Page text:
Most of Sycamore Canyon
is usually dry, as the stream flows above ground only after heavy rains and during the spring snowmelt. The exception is the lowest four miles, since here Sycamore Creek persists all year, originating from Parsons Spring
, a large source that creates many deep, clear-water pools, some over a hundred feet long, bordered by dense, riparian vegetation, including sycamore, willow, ash and cottonwood trees, and many species of shrubs and wildflowers, mixed with cacti and yucca. The beauty of the scene is enhanced by the tall, enclosing cliffs, which have three components; reddish sandstone at creek level, a thicker band of jagged, orange limestone higher up, topped by a narrow, intermittent band of black, columnar basalt.
The creek is followed by a well maintained trail that descends 200 feet at the start then stays relatively level, crossing the stream five times while gaining only 200 feet over the 3.7 mile distance to the spring. The hike is quite popular, at least for the generally very remote Sycamore Canyon region, perhaps seeing a few dozen groups on some days, though this is of course far less than the much busier trails around Sedona
to the east, many of which encounter similar scenery.
is not much publicized, and is reached only by an unpaved road, the last mile of which is rather rocky, and may require a high clearance vehicle, though not 4WD. The shady conditions and plentiful water mean the walk is suitable all times of the year, even in summer when temperatures can be well above 100°F; away from the creek the surroundings are rather barren and desert-like, reflecting the relatively low elevation, of 3,600 feet. No permit is needed, and primitive camping is permitted at the trailhead. Camping is also allowed once after the final creek crossing, close to the spring; there are about half a dozen recognized sites, in clearings below the cliffs, all very close to the water.
The driving route to the Parsons trailhead (Sycamore Canyon Road) forks north off the road to Tuzigoot National Monument
just after the bridge over the Verde River, on the east side of Clarkdale
. This is paved for 4.6 miles, up to the boundary of the Coconino National Forest, and then gravel, running close to the river along the floor of a wide canyon, later climbing slightly once the enclosing cliffs recede, and crossing open, treeless land (Duff Flat
) past one major intersection, with Buckboard Road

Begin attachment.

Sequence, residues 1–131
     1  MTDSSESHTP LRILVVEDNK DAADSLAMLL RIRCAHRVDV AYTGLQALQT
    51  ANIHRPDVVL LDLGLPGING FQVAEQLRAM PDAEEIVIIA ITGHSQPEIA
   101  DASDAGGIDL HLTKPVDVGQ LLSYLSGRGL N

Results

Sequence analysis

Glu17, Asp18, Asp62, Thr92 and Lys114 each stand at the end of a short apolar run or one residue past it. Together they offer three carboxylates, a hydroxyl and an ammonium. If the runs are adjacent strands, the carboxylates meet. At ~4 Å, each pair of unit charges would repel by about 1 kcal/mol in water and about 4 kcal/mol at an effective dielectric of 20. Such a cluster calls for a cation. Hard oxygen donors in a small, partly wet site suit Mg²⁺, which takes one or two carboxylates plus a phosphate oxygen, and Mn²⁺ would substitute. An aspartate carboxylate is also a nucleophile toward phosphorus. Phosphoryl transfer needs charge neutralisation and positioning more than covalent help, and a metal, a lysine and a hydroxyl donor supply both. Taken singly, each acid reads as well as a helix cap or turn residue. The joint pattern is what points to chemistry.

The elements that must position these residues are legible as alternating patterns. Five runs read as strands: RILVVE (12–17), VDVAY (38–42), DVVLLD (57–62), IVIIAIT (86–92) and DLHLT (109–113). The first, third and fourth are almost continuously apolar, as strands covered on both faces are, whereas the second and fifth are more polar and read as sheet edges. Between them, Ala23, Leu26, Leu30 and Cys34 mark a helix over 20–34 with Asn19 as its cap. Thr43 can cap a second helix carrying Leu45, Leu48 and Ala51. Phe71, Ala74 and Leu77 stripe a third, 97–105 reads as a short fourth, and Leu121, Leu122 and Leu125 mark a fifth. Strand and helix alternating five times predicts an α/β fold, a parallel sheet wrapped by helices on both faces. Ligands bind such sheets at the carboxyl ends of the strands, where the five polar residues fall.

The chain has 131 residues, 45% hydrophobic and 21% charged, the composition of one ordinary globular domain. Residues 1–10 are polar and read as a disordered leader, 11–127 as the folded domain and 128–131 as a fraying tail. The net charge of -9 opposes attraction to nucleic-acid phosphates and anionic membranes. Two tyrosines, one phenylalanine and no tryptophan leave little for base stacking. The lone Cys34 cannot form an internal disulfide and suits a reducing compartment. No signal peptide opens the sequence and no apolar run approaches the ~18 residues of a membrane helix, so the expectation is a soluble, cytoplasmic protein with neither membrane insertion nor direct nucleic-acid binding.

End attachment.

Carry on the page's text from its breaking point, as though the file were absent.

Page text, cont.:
, FR 258, and several minor junctions. The surface stays good for another 3 miles, but then deteriorates, becoming uneven, bumpy and stony, while crossing one wash, climbing over a minor ridge, dropping down to a second wash, crossing a saddle and descending to a flat, bushy area, overlooking Sycamore Creek, a short distance upstream of the Verde River confluence. The trailhead is on the north side of the plateau, while to the south are several lesser tracks, with plenty of camping places. A rougher track descends to creek level and continues upstream along the river. This location is very quiet and peaceful, the only faint noise at night coming from cascades on the creek below.
Start of the Trail
The trail descends an exposed, rocky slope, past a sign marking the edge of the Sycamore Canyon Wilderness and down into the wide band of trees and bushes on the valley floor, where it divides, beside the dry bed of a tributary creek; left is a long, little-used route to Packard Mesa
while right is to Parsons Spring. Nearby is the first of many big pools - the creek itself does not usually have a particularly large flow, but there is enough water to create numerous deep pools, constrained by the impermeable bedrock. The main path stays on the east side of the canyon, moving northwards through a mix of grassland and deciduous woodland, passing a few basalt boulders, one particularly large. The creek stays out of sight initially, one branch coming close for the first time after half a mile; a shallow channel, trickling gently through dense trees lined by grass and water cress. The first crossing is soon after, at a wider section of the creekbed sprinkled with many boulders. Flood debris several feet up the tree trunks show that on rare occasions the drainage carries a huge amount of water. Near here the flow is augmented by Summers Spring
, off-trail to the east.
The Largest Pool
The path moves away from the creek to the west, rising to cut off a bend, climbing a little and returning to the floor at a shady place shielded by vertical, west-facing cliffs, with a ledge at the base and a particularly deep pool below, a popular location for swimming and cliff jumping - reached by a short diversion. On the far side is a sandy flat beneath tall cottonwoods, sometimes used for overnight stays despite several No Camping and No Fire notices. The limestone cliffs contain several small caves, and more are found at intervals all along the canyon.
The trail crosses a little ridge to bypass a second bend, winds through bushes and trees then traverses a ledge and drops down to another big pool, beyond which the gorge is a bit wider, and has red rocks above on both sides. The next section is along sandbanks at a base of a cliff, then out along a lengthy grey ridge above a deep pool, another very photogenic place. The path climbs for a while, giving good views of even more extensive, red orange cliffs on the west side of the canyon - otherwise, the canyon walls are usually obscured by the trees - and crosses the stream again just below a tranquil, tree-lined pool. Two more creek crossings follow in quick succession before the path, on the west side, rises above the trees again until the final descent, and runs alongside more pools to the spring, an elongated feature enclosed by low cliffs. Here the path fades away, continuing sporadically a few hundred feet, past the uppermost pool and out to a dry, open section of the canyon, with small bushes lining a wide streambed covered with pink and grey pebbles.